Irritable bowel syndrome (IBS)
- Do you feel helpless and vulnerable due to bowel discomforts?
- Do you feel uncomfortable because
of bowel discomforts?
- Do you feel isolated and lonely
because of bowel discomforts?
- Are you unable to enjoy life because of IBS?
- Does It bother you?
What is Irritable Bowel Syndrome (IBS)?
Irritable bowel syndrome (IBS) is a condition that affects the colon (large bowel), and while it is not considered life-threatening or dangerous, it can be very uncomfortable. IBS is common and affects around 3 out of every 10 people. Women are more likely than men to be affected.
IBS symptoms can include, but are not limited to the following:
- abdominal pain
- bloating and gas
Hypnotherapy and IBS
Stress itself is a major contributor to IBS. Psychological stress has been demonstrated to worsen IBS and increase due to its effects, potentially creating a downward spiral of physical and mental symptoms if left untreated. Hypnotherapy teaches you to gain more control of your symptoms by changing thought patterns around your anxiety and digestive activity. The bonus with hypnotherapy is that it can cause no structural damage to the body and no drug side effects.
We know it takes courage to request help, especially with such a delicate issue, but the earlier you address IBS, the sooner you’re likely to find relief.
What causes depression?
Irritable bowel syndrome (IBS) affects between 6–18% of people worldwide. This condition involves changes in frequency or form of bowel movements and lower abdominal pain. Diet, stress, poor sleep and changes in gut bacteria may all trigger symptoms.
IBS and stress
The automatic movement, or motility, of your digestive system is controlled greatly by your nervous system. Stress can affect your nerves, making your digestive system overactive. If you have IBS, your colon may be overly responsive to even slight disruption of your digestive system. It is also believed that IBS is affected by the immune system, which is affected by stress.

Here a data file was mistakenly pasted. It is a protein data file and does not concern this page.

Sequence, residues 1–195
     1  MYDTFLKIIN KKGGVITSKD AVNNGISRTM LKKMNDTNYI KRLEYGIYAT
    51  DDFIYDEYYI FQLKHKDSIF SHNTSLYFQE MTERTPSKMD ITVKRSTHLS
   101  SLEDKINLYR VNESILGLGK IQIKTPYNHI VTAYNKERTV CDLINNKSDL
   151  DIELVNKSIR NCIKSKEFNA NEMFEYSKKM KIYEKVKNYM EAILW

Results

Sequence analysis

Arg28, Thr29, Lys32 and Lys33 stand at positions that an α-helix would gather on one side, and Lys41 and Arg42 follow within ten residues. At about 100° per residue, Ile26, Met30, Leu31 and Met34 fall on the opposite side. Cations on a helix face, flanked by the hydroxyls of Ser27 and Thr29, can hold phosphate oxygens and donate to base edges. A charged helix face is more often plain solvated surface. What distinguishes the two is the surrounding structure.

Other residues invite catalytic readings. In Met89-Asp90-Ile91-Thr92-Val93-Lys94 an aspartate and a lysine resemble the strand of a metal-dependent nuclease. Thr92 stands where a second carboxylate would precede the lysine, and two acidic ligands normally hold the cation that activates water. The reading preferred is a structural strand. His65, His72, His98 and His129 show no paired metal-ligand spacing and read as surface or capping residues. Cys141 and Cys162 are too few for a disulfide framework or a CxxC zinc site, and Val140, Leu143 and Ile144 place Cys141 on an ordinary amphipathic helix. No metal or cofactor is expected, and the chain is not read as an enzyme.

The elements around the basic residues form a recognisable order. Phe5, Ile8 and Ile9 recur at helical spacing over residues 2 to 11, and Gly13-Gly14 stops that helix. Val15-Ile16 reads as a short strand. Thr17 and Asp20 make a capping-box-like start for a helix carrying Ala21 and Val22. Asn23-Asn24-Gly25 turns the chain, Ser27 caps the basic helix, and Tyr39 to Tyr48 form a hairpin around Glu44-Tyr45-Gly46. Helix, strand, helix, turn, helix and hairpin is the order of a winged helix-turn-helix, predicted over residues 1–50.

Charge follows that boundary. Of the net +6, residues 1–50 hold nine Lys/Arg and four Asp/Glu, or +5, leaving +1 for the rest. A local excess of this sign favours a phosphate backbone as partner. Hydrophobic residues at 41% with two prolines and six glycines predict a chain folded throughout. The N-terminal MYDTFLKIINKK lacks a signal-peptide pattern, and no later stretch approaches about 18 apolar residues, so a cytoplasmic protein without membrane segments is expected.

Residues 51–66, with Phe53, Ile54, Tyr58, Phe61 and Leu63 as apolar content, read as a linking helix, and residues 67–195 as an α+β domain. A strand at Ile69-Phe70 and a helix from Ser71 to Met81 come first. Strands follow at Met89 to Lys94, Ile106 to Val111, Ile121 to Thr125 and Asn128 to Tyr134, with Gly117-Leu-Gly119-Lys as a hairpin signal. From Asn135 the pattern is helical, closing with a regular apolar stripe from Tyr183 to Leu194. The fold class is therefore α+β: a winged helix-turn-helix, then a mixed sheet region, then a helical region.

IBS and Back Pain
People with irritable bowel syndrome (IBS) sometimes report symptoms that appear to be unrelated to IBS. One frequently mentioned and seemingly unrelated symptom is lower back pain, especially during the night. This could be unrelated pain, or it could be “referred pain.” Referred pain is felt someplace other than where it originates. In the case of IBS, that pain comes from the gut. It’s often due to constipation, gas, or bloating.
“Take care of your body, its the only place you have to live.” JIM Rohn.
There isn’t a single, definitive treatment for IBS or -related pain. Treatment is different for everybody and you should work with your doctor or gastroenterologist to find the best way to relieve your pain. It will likely take a combination of medication and complementary therapies such as:
Clinical hypnotherapy: study shows hypnotherapy has proven to be an effective treatment for up to 85% of IBS sufferers.
Meditation and Relaxation: Deep breathing, abdominal breathing, progressive muscle relaxation, and visualization exercises can help reduce stress and fatigue and improve mood.